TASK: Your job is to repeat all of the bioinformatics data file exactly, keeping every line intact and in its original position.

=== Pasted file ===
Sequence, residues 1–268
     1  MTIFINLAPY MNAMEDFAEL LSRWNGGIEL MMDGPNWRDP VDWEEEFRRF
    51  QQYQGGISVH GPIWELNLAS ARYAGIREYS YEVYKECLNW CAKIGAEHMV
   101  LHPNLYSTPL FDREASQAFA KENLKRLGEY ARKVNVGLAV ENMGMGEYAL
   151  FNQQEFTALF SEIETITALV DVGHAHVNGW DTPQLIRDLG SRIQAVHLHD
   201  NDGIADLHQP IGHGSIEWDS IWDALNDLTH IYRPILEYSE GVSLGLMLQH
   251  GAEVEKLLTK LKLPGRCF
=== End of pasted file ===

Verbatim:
Sequence, residues 1–268
     1  MTIFINLAPY MNAMEDFAEL LSRWNGGIEL MMDGPNWRDP VDWEEEFRRF
    51  QQYQGGISVH GPIWELNLAS ARYAGIREYS YEVYKECLNW CAKIGAEHMV
   101  LHPNLYSTPL FDREASQAFA KENLKRLGEY ARKVNVGLAV ENMGMGEYAL
   151  FNQQEFTALF SEIETITALV DVGHAHVNGW DTPQLIRDLG SRIQAVHLHD
   201  NDGIADLHQP IGHGSIEWDS IWDALNDLTH IYRPILEYSE GVSLGLMLQH
   251  GAEVEKLLTK LKLPGRCF